Teenage Cancer Trust

Teenage Cancer Trust is a cancer support and care charity that operates in the UK. Its main purpose is to improve the experience younger people between the ages of 13 to 24 have living with cancer. The organisation provides special units for teenagers in NHS hospitals up and down the country.


It’s unfortunate, but true, that before the first Teenage Cancer Trust unit opened in 1990, there was nothing in the way of specialise care for young people suffering from the disease offered by the NHS. The organisation was formed and grew thanks to the passion and dedication of a small group of women, including the founder and life president Myrna Whiteson MBE. She was one of the original groups who fundraised for a specialist intensive care heart unit for children in Guy’s Hospital, the main act that kickstarted the founding of the charity in the first place.

They had met a mother who had a 13-year old son with cancer, being treated in a children’s ward and along with much older people in a specialist adult oncology ward. So, as well as dealing with cancer and cancer treatment, the boy was isolated from young people just like him experiencing the same thing.

The organisation then set out to establish environments designed with teenagers in mind, and it raised the impressive £330,000 it needed to fund this unit. It was on 22 November, 1990 that the first unit was opened. This unit was located in Middlesex Hospital in London and even had an official opening by Duchess of York, Sarah Ferguson. The group thought their work had been completed.

However, it wasn’t and the organisation has continued to grow and become one of the leaders in young cancer care, with its model being admired and copied throughout the world. It has helped completely change the lives of 1,000s of young cancer sufferers through specialist support and care.

What They Do

In addition to the extensive network of support and care services the organisation provides in hospital units and via homes and hospitals in the country, its work now includes:

  • A National Education Programme that helps to raise better awareness of cancer and to give power to young people to have more responsibility over their health
  • The annual conference Find Your Sense of Tumour, for young people who suffer from cancer
  • The International Conference on Teenage and Young Adult Cancer Medicine for young adult and teenage cancer specialists
  • Funding programme into research and more education for health professionals.

Music and Teenage Cancer Trust

Obviously, music is a huge part of any young person’s life, but at Teenage Cancer Trust it’s at the heart of all they do. One of the most notable things about the organisation is their Royal Albert Hall concerts. These events were the brainchild of the Teenage Cancer Trust’s patron Roger Daltrey CBE, the frontman for rock band The Who, who also curated them. So important are these events that they have actually transcended just being charity events into the most popular concerts in the musical calendar. Over the years, huge performers from the world of music and comedy that have played at the events include:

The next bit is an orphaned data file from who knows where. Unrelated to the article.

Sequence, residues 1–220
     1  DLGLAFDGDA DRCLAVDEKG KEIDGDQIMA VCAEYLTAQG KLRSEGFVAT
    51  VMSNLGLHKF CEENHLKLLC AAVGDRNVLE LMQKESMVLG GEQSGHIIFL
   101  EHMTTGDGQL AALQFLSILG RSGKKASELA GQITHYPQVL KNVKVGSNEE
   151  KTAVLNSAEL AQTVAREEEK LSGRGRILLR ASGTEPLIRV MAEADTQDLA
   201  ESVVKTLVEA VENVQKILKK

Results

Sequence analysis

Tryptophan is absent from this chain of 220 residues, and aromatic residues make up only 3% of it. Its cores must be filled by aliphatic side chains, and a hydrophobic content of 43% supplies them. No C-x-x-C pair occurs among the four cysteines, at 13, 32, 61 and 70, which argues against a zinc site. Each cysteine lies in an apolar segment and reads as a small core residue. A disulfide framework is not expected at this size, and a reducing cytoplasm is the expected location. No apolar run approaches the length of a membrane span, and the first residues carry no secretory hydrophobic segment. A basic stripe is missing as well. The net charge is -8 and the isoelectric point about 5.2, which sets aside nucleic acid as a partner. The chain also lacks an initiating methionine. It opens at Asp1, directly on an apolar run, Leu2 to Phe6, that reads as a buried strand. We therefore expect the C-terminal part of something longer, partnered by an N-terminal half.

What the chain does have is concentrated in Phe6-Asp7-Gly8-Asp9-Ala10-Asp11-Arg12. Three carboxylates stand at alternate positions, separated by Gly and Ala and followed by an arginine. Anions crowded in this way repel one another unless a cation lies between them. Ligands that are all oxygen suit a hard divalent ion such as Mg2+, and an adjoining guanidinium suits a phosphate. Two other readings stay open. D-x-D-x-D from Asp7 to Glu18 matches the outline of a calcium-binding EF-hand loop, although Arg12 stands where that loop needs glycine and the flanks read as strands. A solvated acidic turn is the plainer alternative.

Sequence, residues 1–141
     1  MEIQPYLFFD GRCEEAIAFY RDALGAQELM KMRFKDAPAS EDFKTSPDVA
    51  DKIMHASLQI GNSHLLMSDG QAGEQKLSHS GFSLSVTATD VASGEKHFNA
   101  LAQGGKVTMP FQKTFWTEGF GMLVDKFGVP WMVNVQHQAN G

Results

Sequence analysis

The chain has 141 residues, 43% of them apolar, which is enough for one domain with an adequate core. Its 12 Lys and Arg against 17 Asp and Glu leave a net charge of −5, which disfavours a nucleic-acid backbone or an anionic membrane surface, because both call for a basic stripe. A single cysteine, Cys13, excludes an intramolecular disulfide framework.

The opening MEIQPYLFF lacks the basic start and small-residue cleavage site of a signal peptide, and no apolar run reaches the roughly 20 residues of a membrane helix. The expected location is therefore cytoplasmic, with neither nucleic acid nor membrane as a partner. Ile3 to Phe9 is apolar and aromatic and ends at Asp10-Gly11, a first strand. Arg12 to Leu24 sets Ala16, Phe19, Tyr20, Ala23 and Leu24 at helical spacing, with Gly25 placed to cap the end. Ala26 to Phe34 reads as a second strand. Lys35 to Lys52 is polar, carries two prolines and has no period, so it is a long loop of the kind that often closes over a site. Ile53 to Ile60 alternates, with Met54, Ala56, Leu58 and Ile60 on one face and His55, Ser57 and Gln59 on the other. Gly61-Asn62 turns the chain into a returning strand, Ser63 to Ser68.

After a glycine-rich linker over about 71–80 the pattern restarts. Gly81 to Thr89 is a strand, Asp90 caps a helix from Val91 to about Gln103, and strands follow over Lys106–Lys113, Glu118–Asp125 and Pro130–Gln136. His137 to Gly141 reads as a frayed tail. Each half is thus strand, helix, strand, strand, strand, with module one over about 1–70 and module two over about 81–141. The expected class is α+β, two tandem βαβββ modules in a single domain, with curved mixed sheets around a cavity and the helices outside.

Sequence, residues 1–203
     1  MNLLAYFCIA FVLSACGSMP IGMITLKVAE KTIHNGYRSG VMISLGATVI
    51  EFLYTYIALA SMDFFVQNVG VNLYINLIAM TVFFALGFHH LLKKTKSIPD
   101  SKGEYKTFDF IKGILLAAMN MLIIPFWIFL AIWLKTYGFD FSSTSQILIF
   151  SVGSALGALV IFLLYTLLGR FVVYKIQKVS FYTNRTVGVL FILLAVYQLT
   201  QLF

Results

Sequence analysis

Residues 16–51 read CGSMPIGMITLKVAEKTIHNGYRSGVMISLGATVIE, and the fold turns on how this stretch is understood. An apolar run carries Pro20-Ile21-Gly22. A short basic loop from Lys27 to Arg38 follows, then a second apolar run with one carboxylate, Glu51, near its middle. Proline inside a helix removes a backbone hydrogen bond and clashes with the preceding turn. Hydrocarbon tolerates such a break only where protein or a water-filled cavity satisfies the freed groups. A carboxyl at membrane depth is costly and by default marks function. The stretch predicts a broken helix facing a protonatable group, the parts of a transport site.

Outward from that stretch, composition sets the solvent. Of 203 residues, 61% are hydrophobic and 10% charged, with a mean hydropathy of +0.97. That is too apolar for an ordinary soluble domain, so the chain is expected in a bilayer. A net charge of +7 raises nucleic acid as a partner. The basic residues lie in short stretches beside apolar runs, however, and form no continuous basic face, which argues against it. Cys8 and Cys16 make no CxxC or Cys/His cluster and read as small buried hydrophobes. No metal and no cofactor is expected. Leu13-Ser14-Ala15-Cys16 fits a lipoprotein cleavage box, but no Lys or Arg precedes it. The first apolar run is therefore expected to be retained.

• Jason Manford
  • Russell Brand
  • Russel Howard
  • UB40
  • Ed Sheeran
  • Romesh Ranganathan
  • Pet Shop Boys
  • New Order
  • John Bishop
  • Florence + the Machine
  • Jessie J
  • The Cure
  • Kasabian
  • Oasis
  • Paul McCartney
  • The Who

In fact, in 2018, they had the 18th show of its kind. Amazingly, over the years, the concerts alone have helped to raise an incredible £27m.

The Organisation’s Impact

While there are seven young people diagnosed with the disease every day in the country, they are still the only charity fully dedicated to providing the specialist support and nursing care young cancer sufferers need. The organisation’s impact includes providing the following:

  • 28 World-Class Specialist Units – In 28 hospitals up and down the country, that provide young people a home away from their own, while they receive the important treatment they really need.
  • 48 Nurses and Youth Support Co-ordinators – They also fund youth support co-ordinators and nurses with specialist training to provide support for the young people staying in their facilities. They have special training to help them fully understand what life is like with cancer when you are young and provide help and support to stop them feeling isolated
  • Reaching 118,000 Young People – Through their face-to-face presentations in schools throughout the country, the charity’s Education Team has travelled to talk to young people about understanding and being able to spot early signs of the disease, while eliminating the stigmas surrounding cancer that stop people from speaking about it.
  • Nursing and Support Pilot – This Nursing and Support Service provides support to young people with a cancer diagnosis, regardless of where they are situated. The pilot scheme involved a team of seven young adult and teenage cancer specialists working alongside NHS teams in South Cumbria, Lancashire, Cheshire and Greater Manchester. It helped the charity successfully reach 100% of the people suffering from cancer in those areas.
  • 185 Hair 4U Wigs – As hair loss is a big shock for young people in particular suffering from cancer and undergoing treatment, the organisation worked with Charlie Miller, a renowned and award-winning hairdresser, some of the country’s best salons to provide each young cancer sufferer with the option to have a wig made from real hair.